And a 55.8% savings ratio is pretty impressive. We were more or less on the 40% for 2016. The numbers of 2017 are not yet in, because I was lacking in tracking everything (experiment gone wrong).

    1. Hey DN, ouch, that is a very long trip back…. Glad you had something to talk about 😉
      If you guys are already at 40%, you are doing great! Just keep going and it will improve over time. Best of luck

  4. Thanks to you and Amber for organising a great meetup!

    It was fun meeting so many like-minded folks, and I’m full of new ideas now.

  5. Hi Guys, I really like how you do the running log of what happened during the month.

    Couldn’t help but notice the significant road tax amount. Is that the car lust overcoming FI sensibility? 😉 Or are you running diesel perhaps?

    Cheers!

    1. Ha no, no diesel for us. We actually have a nice fuel efficient hybrid, but it is a sizeable car for sure. It’s a remnant of the Canada days. Funny you mention this, because we have been discussing downsizing the car lately. But because we are planning a 9 week road trip in 2018, we have decided to keep the car until that time, after which we will likely downsize to a smaller car (or no car at all).
      What’s actually even worse is that the quarterly tax is going up next quarter. We loose the hybrid benefit (125kg discount) on the road tax, so it will rise to 229 euros!

    2. And let me guess… the road trip is timed in such a way that you get it in before little Miss CF is locked into the Dutch school system and long breaks like this become impossible, without breaking the law? 🙂

      This was a topic of discussion in our house on the weekend. Well, technically, it was in the car while we were out driving and little Mr. Cameron was sleeping.

    3. BTW, I don’t want to be the car fantasy killjoy, but, if I were counter arguing, I’d tell you that down-sizing now and saving 150e a month in road tax, possibly more in lower fuel costs, and renting a bigger car for the road trip, could make sense. Could… I realise the decision basis isn’t completely based on rationalisation 🙂

    4. Nope, but you are close! The rental costs for a bigger car would be so high for 9 weeks, it’s cheaper to keep our current car for now (it’s very fuel efficient, so not much to win here). That being said, we are also keeping the car because of the space/size. We are (fairly) tall, so the extra leg room will come in handy for a very long road trip. This was also the primary reason for buying the car in the first place.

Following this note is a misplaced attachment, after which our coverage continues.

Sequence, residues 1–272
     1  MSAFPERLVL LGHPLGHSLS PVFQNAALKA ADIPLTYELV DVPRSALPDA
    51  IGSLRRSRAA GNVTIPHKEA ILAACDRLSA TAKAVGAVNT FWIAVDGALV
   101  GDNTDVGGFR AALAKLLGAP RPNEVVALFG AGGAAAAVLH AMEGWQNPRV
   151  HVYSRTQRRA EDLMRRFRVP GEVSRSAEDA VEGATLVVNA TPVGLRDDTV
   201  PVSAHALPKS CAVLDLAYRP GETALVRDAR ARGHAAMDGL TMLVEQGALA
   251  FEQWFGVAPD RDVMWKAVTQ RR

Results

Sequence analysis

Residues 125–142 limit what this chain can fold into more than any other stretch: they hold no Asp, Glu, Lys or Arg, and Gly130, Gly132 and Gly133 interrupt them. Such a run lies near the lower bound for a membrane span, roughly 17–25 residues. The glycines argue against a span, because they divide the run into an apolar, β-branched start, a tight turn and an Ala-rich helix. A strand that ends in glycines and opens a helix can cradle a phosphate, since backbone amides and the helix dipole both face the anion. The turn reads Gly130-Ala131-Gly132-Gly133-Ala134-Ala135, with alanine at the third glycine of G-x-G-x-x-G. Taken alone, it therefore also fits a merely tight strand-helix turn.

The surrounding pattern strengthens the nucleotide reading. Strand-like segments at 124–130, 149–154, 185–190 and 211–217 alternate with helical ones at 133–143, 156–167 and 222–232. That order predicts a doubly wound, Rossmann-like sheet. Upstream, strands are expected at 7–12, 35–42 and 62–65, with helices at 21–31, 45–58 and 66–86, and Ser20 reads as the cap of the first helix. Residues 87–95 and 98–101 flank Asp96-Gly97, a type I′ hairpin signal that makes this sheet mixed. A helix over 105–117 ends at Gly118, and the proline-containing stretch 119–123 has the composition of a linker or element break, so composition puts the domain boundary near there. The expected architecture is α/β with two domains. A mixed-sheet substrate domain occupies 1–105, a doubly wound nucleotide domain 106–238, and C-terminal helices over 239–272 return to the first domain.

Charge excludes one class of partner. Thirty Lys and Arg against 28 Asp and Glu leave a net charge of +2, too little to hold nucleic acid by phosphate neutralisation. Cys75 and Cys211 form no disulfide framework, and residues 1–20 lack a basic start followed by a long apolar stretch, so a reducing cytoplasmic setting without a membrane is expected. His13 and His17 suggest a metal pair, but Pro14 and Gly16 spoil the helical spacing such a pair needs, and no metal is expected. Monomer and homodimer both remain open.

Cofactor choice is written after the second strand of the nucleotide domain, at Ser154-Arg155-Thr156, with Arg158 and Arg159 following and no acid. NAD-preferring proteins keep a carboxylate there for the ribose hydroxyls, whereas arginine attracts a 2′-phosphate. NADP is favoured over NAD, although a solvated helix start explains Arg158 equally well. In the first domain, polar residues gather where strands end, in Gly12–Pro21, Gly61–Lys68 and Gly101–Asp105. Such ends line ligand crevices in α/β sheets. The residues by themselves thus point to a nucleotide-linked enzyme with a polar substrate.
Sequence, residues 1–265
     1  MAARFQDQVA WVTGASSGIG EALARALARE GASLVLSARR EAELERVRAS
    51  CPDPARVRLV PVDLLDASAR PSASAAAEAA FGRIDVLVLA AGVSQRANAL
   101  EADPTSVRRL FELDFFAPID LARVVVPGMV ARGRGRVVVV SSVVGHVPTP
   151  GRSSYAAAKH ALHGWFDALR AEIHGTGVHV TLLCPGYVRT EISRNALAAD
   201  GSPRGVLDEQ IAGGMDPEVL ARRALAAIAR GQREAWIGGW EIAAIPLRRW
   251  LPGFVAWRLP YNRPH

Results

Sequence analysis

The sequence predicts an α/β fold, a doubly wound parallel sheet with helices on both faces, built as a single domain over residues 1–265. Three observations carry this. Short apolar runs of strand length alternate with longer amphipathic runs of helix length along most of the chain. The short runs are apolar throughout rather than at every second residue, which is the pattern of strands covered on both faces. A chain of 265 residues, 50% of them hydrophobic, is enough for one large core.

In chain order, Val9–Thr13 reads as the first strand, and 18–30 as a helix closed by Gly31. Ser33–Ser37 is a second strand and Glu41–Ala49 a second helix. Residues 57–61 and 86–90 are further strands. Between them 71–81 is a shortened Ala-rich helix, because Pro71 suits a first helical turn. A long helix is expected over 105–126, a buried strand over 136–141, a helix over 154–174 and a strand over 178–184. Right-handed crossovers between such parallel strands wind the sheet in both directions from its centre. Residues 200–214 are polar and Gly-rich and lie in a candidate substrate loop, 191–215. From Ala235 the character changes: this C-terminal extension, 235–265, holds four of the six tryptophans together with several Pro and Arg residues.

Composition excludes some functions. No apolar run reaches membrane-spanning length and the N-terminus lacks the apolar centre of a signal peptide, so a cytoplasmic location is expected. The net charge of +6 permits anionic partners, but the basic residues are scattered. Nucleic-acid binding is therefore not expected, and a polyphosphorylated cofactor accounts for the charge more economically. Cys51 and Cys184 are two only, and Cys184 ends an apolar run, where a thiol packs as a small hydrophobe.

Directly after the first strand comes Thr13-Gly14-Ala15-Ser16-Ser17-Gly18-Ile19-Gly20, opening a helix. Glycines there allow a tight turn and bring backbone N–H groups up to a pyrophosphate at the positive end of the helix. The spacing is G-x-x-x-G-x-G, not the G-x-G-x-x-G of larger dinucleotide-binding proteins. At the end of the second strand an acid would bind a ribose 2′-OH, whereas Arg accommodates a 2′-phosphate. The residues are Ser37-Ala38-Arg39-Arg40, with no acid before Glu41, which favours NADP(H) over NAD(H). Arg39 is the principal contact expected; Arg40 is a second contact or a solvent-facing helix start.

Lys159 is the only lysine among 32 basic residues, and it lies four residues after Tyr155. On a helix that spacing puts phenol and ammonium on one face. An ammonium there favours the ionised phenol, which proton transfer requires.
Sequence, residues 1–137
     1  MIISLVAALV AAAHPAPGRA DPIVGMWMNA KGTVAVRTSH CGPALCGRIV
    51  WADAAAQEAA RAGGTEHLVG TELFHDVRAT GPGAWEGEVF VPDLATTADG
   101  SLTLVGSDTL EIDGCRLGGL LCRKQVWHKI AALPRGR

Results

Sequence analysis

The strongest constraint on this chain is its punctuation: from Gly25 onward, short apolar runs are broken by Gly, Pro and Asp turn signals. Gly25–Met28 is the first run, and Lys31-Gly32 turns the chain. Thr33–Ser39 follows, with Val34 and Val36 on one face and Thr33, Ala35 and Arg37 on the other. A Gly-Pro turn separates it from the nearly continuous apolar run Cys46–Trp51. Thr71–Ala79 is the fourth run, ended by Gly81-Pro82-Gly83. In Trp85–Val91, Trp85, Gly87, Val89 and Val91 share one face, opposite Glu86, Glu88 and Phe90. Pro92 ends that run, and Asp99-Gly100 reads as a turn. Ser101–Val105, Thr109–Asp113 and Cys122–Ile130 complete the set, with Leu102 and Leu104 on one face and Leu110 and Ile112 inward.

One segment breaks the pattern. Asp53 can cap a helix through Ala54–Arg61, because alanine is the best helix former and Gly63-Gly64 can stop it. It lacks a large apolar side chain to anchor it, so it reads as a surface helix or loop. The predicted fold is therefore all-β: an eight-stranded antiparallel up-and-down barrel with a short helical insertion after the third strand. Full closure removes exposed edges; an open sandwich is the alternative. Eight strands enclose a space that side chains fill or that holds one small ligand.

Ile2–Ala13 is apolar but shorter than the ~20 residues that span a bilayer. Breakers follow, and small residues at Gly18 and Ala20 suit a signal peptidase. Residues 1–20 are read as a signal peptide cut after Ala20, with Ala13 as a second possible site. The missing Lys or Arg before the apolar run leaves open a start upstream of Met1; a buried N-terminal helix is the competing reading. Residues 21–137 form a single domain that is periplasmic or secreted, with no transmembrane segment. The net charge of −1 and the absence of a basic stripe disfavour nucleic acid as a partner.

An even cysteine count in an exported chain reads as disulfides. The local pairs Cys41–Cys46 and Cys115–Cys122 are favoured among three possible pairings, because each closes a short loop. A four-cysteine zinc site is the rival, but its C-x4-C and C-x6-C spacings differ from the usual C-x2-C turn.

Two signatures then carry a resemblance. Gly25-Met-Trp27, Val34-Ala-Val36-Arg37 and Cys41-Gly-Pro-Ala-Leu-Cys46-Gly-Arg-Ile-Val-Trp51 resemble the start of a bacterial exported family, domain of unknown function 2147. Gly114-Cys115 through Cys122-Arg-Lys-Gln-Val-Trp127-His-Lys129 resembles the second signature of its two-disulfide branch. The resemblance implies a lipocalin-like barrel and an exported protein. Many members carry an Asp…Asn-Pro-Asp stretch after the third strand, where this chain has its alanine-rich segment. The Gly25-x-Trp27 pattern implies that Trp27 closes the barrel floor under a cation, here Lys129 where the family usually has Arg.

5. Great minds think alike! That is exactly the reason for the planning 🙂
      Considering you were discussing it too, are you going for it? We already informed our employers and Mrs CF already arranged for paid (!) time off (her bonus for that year will be two months paid time off, how great is that?).

    6. Good result getting the commitment from your employer(s) locked in already.

      It actually came us a surprise to me that school started so soon. I was fantasising about a longer holiday in about four and a half years, and discovered that the time window was closer to two years… so I’m in the “awareness” phase of (re)-planning! I don’t want to miss the opportunity though, so will almost certainly find a way to make something happen.

    7. Being open with you employer usually helps, if you relationship is good the answer is usually “yes” for paid or unpaid time off. Giving a heads up is also appreciated as your boss can take action if required to accomodate you being gone for a longer period of time.
      Have fun planning, we are seriously looking forward to the long road trip! But it is still more than a year away.
      By the way, we were talking to Amber Tree over the weekend. You can always temporarily move to Belgium and get examption from your kid needing to go to school. But home schooling will be required in the mean time (with exams at an testing institution). So there are alternatives if you want to do this later in life 🙂

    1. Hey AT, we are really happy with the numbers. We actually have the feeling we have hit our ceiling of how well we can do without loosing out on life. The system is working 😉

Leave a Reply

Your email address will not be published. Required fields are marked *